[13]         Quiggin puts it as follows (2008: 209): “Because the damage associated with climate change is potentially catastrophic, it is important to consider the entire probability distribution, rather than a limited number of parameters suchas mean and variance. Policy options that provide protection against low probability events inthe right-hand (high damage) tail of the distribution yield substantial expected benefits.”

[14]         Global climate change evidently implies insurance market problems for property-owners at risk from extreme weather events exacerbated thereby. This insurance analogy used in the text should not be confused with any notion that private insurance markets can be capable of addressing the fundamental problem of greenhouse gas emissions as cause of human-induced ‘catastrophic’ climate change (Tol 1998).

[15]         Alternative terminology includes ‘dangerous’ climate change or abrupt climate change. The latter captures an additional important point about (human) adaptability or resilience. A given change in climate occurring over a few hundred years may be so amenable but not if such change were to occur over a few decades, as has been the case over the long-run history of climate change prior to human civilisation.

[16]         For other writings by this author see Glikson (2009 and 2008).

[17]         Quiggin (2008) notes that  “… expected damage, measured in either physical or monetary terms, is a convex function of the rate of change of global temperature. An increase in global mean temperatures of 4 degrees Celsius over the next century would cause far more than twice the damage associated with an increase of 2 degrees Celsius, and an increase of 8 degrees Celsius would be utterly catastrophic. So, the expected damage associated with an uncertain future increase in temperature is more than that associated with a mean or median projection of temperature change.”

[18]         Ackerman notes the relevant emphasis on the importance of disequilibria in Keynes (and Marx) but not the parallel emphasis of these authors on ‘deep uncertainty’ as a fundamental cause of catastrophic economic collapse such as occurred in the 1930s and threatened in 2008 (2009: 11).

[19]         The case of the low-lying small Pacific states also vulnerable to climate-caused sea-level rise is often cited, and rightly so. Realistically, because of the tiny populations involved, this case alone is not likely (within the Australian electorate and otherwise) to give strong political support to global mitigation policies. However, it certainly can be viewed as justification for such populations to be given guarantees of re-settlement in less vulnerable circumstances. Populous and densely populated Bangladesh is a very different case among vulnerable and low-lying countries. See Climate Institute (2011).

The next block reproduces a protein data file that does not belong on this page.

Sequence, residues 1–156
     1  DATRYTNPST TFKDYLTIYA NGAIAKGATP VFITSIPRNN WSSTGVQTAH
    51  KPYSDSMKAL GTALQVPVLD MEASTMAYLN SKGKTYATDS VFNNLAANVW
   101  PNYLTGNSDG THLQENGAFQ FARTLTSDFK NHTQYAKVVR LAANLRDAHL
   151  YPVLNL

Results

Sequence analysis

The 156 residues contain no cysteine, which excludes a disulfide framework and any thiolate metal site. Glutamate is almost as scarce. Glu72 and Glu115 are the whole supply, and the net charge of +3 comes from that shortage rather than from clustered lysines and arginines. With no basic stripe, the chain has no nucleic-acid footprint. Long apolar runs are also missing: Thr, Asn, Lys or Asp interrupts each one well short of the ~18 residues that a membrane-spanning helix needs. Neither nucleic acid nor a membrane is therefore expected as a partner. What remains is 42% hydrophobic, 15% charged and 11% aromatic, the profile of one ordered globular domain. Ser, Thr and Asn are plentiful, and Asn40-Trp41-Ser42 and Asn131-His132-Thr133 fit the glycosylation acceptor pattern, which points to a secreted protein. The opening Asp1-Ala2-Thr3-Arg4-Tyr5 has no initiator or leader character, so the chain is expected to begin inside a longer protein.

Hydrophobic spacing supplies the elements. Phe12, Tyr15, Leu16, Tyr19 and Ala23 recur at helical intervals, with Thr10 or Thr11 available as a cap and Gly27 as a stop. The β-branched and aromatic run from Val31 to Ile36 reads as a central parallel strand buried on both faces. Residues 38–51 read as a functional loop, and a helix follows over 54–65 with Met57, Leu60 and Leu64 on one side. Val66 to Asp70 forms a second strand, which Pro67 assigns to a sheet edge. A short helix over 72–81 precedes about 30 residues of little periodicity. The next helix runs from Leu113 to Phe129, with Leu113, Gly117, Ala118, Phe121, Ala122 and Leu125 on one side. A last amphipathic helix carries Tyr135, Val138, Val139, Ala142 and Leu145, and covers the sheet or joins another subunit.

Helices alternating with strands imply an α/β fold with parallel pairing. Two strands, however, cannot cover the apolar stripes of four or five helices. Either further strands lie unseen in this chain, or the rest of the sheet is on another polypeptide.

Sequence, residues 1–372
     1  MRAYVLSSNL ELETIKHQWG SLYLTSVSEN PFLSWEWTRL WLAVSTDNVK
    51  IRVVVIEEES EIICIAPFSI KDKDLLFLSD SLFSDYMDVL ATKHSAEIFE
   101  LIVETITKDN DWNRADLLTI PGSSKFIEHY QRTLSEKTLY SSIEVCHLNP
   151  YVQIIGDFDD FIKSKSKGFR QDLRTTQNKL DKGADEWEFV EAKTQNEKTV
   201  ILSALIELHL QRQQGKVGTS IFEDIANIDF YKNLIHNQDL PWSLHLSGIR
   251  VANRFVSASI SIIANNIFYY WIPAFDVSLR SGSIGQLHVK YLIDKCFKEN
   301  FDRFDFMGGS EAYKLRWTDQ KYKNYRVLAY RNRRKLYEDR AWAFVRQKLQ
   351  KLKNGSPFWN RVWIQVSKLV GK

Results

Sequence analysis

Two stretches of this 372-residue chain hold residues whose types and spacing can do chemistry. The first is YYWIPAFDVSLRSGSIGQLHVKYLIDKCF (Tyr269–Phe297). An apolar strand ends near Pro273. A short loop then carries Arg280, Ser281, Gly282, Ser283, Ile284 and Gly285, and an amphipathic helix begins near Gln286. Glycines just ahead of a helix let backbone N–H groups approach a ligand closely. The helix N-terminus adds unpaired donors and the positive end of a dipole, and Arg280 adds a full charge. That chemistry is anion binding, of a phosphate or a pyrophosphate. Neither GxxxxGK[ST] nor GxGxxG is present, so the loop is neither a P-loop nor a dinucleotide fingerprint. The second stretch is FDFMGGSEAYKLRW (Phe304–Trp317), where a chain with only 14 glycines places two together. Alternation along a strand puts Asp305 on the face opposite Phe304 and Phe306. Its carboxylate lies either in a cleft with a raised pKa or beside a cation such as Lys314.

[20]         In these ethical terms the climate case is thus very different from Hardin’s example in which he sought with his imagery about repelling life-boat borders to justify self-interested action by the industrialised countries in the face of failure of poor countries to restrain their population growth. Schelling (2007) has noted that it is low income states, often in the tropics, that would bear the brunt of ‘dangerous’ climate change, states that are least able to adapt.

[21]         As does Nordhaus (2011); for the opposite view, favouring cap-and-trade, see Keohane (2010).

[22]        Innumerable examples of ‘direct action’ are of course strongly supported by advocates of cost-effective climate change mitigation and of emission pricing. These include remediation or protective action against effects of whatever degree of climate change is already irreversible. Such examples include higher sea-walls, inhibiting spread of climate-sensitive contagious diseases, installing hurricane-resistant buildings, land-use zoning etc. Such forms of ‘adaptive’ direct action are fully recognised by the IPCC, analysis of which is reflected in its reports.

[23]         Recent and unnecessary confusion in the debate has revolved around a lower emission price necessary to induce gas-fired CCGTs in preference to new coal-fired capacity as distinct from the higher emission price that would be required to induce early retirement of older existing coal-fired capacity in favour of CCGTs or other less emission-intensive electricity generation technologies.

[24]         ‘Market reforms’ should not be identified with privatisation but can equally refer to ‘corporatisation’, where companies may remain in government ownership and subject to parliamentary scrutiny and government regulation but become more autonomous with respect to investment and other decisions, and less likely to be the recipients of hidden subsidies not justified by a public interest.

[25]         For example, when electricity generation was privatised in the UK, this process did not include the nuclear generation sector. As noted by Thomas (2005: 31-32)  “(a) particularly difficult issue with nuclear econom­ics is dealing with and putting on a common basis for comparison the streams of income and expenditure at different times in the life of a nuclear power plant. Under UK plans, the time from placing a reactor order to completion of decommissioning could span more than 200 years”.  As in the case of ‘catastrophic’ climate change, issues of intergenerational equity also arise with regard to nuclear power, for example, as to safe disposal of long-term wastes. Once again, it can be seriously doubted that the use of low rates of discounting can be a means of addressing this problem.